Work begins

Today – my first full day at the Pole – we went out to the telescope to start our work. We’re here to do some modifications to the camera that will help improve the pictures we take with it – more on that later. The camera (also known as the “receiver”, since that’s what we call radio-frequency detectors) is housed up in the telescope, and it takes a lot of work to get it down so we can work on it.

First, though, here’s a glory shot of me with the telescope in the background – the telescope is 30 feet in diameter, my head is much smaller – really!

That’s what we did today; we moved the telescope so the “receiver cabin” was docked with the room of the control room that sits beneath the telescope, opened up some big doors between the ceiling of that room and the floor of the receiver cabin, and lowered the whole 2000 pound package from the telescope into that room.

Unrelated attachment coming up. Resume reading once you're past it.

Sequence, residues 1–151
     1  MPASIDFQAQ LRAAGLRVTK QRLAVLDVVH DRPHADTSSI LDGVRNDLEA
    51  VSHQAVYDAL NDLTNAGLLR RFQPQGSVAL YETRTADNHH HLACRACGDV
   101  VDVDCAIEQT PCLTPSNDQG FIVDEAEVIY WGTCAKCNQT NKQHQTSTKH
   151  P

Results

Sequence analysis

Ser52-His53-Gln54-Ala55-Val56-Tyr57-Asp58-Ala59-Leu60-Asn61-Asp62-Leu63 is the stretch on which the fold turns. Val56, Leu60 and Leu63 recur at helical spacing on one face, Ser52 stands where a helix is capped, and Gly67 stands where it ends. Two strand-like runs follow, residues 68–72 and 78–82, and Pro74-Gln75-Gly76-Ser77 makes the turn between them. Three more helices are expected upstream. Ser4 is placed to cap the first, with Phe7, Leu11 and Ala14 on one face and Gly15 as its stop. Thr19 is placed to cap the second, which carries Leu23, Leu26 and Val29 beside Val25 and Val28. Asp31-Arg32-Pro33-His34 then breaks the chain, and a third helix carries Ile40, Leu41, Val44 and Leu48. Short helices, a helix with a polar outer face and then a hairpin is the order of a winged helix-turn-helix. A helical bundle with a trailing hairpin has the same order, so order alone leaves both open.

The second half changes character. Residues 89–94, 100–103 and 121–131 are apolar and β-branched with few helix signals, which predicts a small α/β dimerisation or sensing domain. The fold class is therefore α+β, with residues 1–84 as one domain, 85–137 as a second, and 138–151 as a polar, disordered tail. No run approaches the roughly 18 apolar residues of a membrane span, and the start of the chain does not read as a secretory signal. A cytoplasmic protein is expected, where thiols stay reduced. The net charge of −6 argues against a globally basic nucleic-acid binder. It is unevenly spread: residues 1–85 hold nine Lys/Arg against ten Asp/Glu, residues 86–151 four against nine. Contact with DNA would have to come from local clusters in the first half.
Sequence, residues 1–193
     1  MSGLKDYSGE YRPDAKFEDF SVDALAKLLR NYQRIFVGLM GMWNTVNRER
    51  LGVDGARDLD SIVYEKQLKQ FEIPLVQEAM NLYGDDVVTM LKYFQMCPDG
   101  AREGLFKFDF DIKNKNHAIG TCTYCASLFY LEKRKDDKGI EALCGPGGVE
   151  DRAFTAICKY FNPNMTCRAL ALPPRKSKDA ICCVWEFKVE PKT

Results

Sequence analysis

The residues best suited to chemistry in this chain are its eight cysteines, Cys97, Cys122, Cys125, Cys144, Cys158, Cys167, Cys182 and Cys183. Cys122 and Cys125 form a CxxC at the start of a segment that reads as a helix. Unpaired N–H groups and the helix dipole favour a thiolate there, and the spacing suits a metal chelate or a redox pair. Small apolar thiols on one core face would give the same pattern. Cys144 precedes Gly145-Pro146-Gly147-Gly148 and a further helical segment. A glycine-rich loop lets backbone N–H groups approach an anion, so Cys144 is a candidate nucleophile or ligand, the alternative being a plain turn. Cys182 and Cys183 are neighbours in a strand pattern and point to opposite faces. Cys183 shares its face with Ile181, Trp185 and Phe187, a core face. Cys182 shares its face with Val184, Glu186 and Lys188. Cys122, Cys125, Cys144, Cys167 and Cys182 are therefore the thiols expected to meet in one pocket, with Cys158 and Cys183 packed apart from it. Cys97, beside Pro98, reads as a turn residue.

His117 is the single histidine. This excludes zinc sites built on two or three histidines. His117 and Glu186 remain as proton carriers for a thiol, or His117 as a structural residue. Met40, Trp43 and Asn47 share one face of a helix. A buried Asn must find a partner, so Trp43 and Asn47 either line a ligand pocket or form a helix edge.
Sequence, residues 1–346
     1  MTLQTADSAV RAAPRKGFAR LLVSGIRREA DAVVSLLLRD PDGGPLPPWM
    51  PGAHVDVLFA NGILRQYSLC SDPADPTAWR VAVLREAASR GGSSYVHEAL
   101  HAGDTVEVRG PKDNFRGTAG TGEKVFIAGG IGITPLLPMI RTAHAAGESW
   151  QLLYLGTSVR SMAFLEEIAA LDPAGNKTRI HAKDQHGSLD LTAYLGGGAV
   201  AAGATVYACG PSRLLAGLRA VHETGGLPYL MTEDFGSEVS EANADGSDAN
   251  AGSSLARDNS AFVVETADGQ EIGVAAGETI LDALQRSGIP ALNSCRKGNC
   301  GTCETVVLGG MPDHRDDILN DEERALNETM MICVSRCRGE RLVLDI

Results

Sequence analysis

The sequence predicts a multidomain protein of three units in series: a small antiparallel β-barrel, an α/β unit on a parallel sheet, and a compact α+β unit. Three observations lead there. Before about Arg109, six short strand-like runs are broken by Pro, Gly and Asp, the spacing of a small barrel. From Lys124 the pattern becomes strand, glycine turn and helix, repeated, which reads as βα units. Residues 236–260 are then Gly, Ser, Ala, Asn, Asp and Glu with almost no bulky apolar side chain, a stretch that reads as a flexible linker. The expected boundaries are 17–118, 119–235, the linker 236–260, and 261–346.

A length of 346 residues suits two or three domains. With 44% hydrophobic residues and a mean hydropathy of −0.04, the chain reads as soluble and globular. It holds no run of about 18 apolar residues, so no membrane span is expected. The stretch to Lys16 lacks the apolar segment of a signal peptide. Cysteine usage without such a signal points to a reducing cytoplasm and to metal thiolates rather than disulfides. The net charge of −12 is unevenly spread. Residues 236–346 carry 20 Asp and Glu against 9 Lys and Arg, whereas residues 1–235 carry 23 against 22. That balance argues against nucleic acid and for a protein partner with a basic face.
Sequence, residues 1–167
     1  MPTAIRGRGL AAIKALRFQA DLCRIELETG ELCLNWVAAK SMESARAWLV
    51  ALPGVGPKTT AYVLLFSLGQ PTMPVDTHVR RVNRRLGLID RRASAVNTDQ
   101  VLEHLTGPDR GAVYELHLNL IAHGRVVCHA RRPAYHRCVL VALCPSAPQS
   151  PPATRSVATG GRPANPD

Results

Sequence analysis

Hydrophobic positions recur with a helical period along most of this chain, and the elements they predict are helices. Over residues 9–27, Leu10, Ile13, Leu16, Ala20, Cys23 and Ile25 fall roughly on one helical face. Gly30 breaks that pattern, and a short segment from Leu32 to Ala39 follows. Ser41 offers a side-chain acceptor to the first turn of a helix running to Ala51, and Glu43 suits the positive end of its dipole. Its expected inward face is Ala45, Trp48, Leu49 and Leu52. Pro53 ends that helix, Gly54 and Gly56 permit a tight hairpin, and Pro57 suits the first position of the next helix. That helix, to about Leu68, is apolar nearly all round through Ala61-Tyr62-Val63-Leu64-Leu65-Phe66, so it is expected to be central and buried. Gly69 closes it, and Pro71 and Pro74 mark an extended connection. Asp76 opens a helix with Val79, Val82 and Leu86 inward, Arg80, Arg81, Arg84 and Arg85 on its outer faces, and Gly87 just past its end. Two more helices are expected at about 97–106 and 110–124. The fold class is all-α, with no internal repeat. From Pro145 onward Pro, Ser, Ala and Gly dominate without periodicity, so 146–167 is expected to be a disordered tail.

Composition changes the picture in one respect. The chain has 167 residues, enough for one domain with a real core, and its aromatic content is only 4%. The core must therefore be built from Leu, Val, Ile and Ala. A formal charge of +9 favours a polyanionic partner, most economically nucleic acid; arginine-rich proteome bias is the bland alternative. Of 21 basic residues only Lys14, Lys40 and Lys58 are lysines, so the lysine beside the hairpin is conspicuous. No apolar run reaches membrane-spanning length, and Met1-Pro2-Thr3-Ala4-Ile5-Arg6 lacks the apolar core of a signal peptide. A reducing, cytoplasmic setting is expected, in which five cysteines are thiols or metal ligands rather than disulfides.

Before we could do that, we had to unplug all the cables from the electronics that read out the camera – lots of cables, because there’s about 1000 channels of data coming from the receiver into the data system. We also had to disconnect all the hoses that cool the receiver and optics down to cryogenic (4K and below) temperatures. Then, we carefully lowered everything using some chain hoists – kind of like mini hand-operated cranes. Here’s a picture of two of the grad students (Liz from UC Berkeley at upper middle, Abby from U. Chicago on the right) working to unhook everything before we lowered it.

Also, here’s movie (a little bit shaky again -I’ve got to get a steadier hand!) from up inside the receiver cabin before we lowered the whole thing down to the ground.

Inside Receiver cabin before lowering